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#### Overview of this book

Python, a multi-paradigm programming language, has become the language of choice for data scientists for visualization, data analysis, and machine learning. Hands-On Data Analysis with NumPy and Pandas starts by guiding you in setting up the right environment for data analysis with Python, along with helping you install the correct Python distribution. In addition to this, you will work with the Jupyter notebook and set up a database. Once you have covered Jupyter, you will dig deep into Python’s NumPy package, a powerful extension with advanced mathematical functions. You will then move on to creating NumPy arrays and employing different array methods and functions. You will explore Python’s pandas extension which will help you get to grips with data mining and learn to subset your data. Last but not the least you will grasp how to manage your datasets by sorting and ranking them. By the end of this book, you will have learned to index and group your data for sophisticated data analysis and manipulation.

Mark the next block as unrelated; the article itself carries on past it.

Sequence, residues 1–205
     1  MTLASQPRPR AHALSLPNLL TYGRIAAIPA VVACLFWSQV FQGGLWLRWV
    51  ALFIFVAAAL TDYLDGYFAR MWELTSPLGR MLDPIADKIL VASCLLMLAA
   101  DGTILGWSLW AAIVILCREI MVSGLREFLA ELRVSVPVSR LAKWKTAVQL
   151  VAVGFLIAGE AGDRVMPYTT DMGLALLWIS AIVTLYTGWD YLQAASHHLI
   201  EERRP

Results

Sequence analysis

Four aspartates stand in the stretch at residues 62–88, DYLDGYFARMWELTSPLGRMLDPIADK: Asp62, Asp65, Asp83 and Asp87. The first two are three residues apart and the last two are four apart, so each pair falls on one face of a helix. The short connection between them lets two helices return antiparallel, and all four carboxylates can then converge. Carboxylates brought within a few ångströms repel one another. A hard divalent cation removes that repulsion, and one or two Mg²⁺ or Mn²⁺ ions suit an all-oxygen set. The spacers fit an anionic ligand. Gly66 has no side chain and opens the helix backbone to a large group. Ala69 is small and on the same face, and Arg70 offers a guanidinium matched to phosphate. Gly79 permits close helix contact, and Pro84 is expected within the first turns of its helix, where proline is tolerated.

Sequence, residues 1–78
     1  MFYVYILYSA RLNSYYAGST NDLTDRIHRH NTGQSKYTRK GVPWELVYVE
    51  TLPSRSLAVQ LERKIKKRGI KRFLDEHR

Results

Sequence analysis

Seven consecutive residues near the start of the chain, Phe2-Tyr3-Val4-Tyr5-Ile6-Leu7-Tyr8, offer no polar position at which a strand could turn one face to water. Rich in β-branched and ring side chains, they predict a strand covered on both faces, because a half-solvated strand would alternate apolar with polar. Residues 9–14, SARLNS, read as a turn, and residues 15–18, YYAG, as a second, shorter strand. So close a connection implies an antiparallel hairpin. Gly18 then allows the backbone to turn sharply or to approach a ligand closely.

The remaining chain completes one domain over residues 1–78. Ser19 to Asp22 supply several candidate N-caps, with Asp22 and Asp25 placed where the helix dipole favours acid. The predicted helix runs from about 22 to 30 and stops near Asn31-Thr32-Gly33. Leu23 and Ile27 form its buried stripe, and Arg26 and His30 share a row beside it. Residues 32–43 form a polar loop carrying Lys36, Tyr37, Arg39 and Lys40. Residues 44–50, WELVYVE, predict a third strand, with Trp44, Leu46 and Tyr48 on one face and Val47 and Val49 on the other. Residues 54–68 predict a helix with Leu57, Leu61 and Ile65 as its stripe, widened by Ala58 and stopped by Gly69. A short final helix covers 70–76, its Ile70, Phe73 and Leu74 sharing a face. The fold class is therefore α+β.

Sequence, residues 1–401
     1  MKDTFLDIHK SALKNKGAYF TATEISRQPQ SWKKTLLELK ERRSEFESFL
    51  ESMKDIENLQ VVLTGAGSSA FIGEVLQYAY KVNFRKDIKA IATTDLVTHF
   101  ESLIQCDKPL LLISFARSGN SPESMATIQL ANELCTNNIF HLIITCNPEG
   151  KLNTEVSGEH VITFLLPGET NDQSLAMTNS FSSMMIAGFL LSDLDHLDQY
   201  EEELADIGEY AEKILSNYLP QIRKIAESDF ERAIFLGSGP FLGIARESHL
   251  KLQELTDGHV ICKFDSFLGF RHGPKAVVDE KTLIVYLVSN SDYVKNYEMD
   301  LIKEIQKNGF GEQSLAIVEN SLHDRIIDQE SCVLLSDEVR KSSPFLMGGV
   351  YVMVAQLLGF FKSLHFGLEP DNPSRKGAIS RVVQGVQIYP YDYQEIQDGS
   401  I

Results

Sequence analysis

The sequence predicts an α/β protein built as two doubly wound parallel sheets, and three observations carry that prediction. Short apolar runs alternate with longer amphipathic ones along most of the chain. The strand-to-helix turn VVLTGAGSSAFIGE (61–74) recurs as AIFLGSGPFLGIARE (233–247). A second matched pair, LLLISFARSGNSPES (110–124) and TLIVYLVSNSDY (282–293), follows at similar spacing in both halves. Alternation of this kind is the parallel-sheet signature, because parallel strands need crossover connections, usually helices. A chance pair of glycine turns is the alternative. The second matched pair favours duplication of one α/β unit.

Title Page
Packt Upsell
Contributors
Preface
Free Chapter
Setting Up a Python Data Analysis Environment
Diving into NumPY
Operations on NumPy Arrays
pandas are Fun! What is pandas?
Arithmetic, Function Application, and Mapping with pandas
Managing, Indexing, and Plotting
Other Books You May Enjoy
Index

## Linear algebra

Be aware that NumPy is built to support linear algebra. A 1D NumPy array may correspond to a linear algebra vector; a 2D array to a matrix; and 3D, 4D, or all `ndarray` to tensors. So, when appropriate, NumPy supports linear algebra operations, such as matrix products, transposition, matrix inversion, and so on, for arrays. Most NumPy linear algebra functionality is supported in the `linalg` module. The following is a list of commonly used NumPy linear algebra functions:

Some of these are `ndarray` methods, others are in the `linalg` module you need to import. So we've actually been demonstrating transpose up to this point in earlier examples. Notice that we were using transpose here to swap around rows and columns.

This is transposition in `arr4`:

I said `arr4` was `arr3` and we switched around the axes. So axis 0 would still be axis 0, but axis 1 would be axis 2 of the old array, and axis 2 would be axis 1 of the old array.

Now let's see some other examples. Let's see a demonstration of reshape...